Human resource re-structuring consultancy is 90 per cent human resources and 10 per cent material resources; whereas in the contracting and construction industry, it is the other way around. Therefore, the one obvious measure is a comprehensive relook at human resources in a consultancy organisation, with a view to optimise and rationalise the same.
Consultancy firms are replacing high-cost senior experts with a larger number of low-cost juniors; they are rationalising the compensation package to increase performance-based variable pay and inter-alia reduce the fixed-pay component; there is a decline in technical training of staff and a very evident ban on recruitment despite attrition.
Indian firms are increasingly looking at overseas projects to bag the ´expatriate professional´ fee. Also, the ones here are consolidating their past ongoing projects which were languishing due to either lower priority rating or certain complexities. These projects are being addressed and completed during this lean phase.
Owing to their inherently different nature of business activity, developers and contractors have had to come up with their own measures to stay afloat. Some of it includes equity dilution or asset selling on operational projects; debt restructuring; refinancing and financial re-engineering of existing debts; manpower restructuring; retrenchment; and consolidation of ongoing projects and stop bidding for new projects altogether.
Hopes abundant: These tough times are bound to pass with time; however, it is also true that good times will not, and cannot just come steps and actions need to be taken to usher in a better economic regime. In all of this, a faint silver lining has already begun to emerge in terms of some recent developments. The Government of India has recently eased the norms for environmental clearance of infra projects, particularly for highway and power projects.
In order to revive languishing PPP projects, the government has initiated proactive and positive steps to consider issues of substitution of concessionaire, renegotiation of concessions, setting up mechanisms for dispute resolution and facilitate asset-selling in PPP infrastructure projects.Internal approval processes within the government for infrastructure projects have also been simplified and streamlined.RBI has issued a circular in March 2013 declaring that bank loans to the highway sector can now be considered as a secured loan and on the Indian economy front, though inflation stays high at 6 per cent, the rupee has regained 6 per cent of the ground which it lost since May this year. Further, the Sensex recently crossed 20,000, after a really long time. The Indian economy is in a state of ´repair´ right now, and is bound to bounce back once these repairs are done and over with. The infrastructure sectors will also begin to look up, but until then each infra stakeholder will have to continue to look for and take innovative steps in order to see themselves through these hard times.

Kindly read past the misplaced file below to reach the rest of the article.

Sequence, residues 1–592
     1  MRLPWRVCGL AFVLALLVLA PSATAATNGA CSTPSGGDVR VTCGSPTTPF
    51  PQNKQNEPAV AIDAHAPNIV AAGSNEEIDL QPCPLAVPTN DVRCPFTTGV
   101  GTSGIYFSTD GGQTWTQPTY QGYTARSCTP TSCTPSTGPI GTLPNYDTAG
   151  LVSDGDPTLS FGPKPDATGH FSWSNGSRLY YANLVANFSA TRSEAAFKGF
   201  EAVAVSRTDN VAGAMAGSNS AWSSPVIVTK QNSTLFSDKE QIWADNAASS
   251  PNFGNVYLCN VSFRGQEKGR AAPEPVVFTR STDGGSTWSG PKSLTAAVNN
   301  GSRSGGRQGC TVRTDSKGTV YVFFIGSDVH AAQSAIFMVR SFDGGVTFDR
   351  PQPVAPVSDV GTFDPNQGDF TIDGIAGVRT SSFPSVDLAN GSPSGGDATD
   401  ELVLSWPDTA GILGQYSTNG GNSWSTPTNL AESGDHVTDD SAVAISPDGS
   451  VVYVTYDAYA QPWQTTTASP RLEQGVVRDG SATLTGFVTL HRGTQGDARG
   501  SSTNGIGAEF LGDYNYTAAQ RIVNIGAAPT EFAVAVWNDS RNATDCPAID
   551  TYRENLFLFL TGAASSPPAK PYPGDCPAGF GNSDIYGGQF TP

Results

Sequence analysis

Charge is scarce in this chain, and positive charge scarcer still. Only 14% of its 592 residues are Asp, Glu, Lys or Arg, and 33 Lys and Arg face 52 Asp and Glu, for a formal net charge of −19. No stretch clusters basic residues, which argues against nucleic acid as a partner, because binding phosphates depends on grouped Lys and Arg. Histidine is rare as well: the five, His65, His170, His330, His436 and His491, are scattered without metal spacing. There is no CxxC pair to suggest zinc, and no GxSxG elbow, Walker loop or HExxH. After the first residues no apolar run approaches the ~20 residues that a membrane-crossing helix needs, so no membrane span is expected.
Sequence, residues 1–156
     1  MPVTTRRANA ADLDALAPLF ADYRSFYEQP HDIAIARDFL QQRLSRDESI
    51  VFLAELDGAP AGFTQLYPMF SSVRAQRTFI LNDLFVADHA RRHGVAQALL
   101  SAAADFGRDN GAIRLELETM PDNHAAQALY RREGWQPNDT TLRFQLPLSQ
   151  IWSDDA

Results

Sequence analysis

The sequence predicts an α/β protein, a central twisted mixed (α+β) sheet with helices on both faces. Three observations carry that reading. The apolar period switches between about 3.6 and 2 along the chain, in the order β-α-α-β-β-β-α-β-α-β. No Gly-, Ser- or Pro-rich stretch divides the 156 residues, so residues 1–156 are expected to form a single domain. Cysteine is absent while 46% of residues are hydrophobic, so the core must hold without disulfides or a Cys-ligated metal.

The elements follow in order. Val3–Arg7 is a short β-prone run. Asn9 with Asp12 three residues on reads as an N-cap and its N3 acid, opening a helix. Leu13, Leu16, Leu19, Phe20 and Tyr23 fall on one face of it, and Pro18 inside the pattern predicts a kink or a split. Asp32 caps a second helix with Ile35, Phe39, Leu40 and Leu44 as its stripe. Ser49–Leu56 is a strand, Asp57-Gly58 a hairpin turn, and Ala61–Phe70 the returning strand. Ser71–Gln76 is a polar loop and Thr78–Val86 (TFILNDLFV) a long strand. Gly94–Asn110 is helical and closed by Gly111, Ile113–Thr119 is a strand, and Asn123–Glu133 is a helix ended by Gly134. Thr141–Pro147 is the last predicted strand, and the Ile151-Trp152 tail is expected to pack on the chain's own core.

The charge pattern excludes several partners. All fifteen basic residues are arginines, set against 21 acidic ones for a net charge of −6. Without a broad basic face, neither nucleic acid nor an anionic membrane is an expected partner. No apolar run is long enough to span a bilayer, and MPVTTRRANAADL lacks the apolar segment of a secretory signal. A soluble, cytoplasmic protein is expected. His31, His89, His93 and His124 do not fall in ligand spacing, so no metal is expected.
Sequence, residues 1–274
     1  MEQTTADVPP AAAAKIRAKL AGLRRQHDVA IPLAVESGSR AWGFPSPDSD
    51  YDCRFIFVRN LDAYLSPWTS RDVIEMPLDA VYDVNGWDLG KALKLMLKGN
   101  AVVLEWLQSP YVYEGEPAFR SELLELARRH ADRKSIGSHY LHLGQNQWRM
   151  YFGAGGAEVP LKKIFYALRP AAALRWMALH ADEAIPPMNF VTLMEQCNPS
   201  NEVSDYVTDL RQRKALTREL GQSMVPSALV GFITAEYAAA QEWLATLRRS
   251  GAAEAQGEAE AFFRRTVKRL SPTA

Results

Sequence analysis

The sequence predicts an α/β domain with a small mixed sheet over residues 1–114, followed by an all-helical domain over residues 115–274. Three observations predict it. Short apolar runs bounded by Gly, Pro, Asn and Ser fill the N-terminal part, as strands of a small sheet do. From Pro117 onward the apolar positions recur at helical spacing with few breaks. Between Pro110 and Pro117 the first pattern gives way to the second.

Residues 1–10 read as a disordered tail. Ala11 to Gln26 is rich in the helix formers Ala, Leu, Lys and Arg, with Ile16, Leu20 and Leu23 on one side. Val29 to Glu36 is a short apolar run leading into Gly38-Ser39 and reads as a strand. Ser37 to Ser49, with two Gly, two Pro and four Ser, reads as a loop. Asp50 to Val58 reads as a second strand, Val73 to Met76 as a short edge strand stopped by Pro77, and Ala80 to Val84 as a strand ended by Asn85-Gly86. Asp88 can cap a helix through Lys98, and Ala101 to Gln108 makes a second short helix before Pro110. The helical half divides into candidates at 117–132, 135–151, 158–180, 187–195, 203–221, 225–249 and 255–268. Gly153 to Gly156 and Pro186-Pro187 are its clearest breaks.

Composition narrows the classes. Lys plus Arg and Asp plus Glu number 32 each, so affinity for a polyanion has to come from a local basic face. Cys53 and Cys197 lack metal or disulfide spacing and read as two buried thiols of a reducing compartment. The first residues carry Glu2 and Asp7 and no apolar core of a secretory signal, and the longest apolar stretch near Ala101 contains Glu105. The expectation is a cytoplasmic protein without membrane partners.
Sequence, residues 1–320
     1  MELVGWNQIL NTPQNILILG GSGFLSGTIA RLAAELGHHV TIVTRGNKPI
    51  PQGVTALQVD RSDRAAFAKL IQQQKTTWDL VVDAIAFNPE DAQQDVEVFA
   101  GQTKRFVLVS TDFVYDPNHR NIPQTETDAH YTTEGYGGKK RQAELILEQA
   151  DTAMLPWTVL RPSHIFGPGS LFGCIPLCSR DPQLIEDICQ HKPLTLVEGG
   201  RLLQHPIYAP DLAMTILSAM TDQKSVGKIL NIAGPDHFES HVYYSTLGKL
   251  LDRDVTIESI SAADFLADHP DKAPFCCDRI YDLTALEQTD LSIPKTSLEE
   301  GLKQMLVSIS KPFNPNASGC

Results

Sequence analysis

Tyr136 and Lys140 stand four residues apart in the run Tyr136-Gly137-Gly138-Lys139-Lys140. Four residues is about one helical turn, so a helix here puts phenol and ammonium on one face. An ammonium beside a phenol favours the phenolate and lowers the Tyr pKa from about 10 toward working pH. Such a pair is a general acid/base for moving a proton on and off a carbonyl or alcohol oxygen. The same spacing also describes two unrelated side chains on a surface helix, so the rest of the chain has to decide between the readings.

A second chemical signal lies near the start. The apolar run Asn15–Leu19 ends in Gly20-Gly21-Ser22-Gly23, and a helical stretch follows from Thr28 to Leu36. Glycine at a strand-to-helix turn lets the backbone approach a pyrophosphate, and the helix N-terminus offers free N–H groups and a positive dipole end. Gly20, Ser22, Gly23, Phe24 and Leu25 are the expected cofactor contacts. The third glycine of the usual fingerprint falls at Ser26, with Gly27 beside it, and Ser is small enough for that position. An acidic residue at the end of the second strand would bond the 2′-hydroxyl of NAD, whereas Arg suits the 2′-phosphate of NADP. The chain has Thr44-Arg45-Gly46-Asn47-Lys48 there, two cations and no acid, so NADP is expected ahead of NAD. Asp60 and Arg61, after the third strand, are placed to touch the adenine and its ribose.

About the author: Avadesh Singh, Deputy CEO, Egis India Consulting Engineers, has over 28 years of experience in all aspects of infrastructure projects. An MTech Transportation Systems Engineering graduate from IIT- Mumbai, he has vast experience in project management using the latest software, contract management and construction management. Apart from engineering, his areas of specialisation are PPP financial advisory and PPP procurement.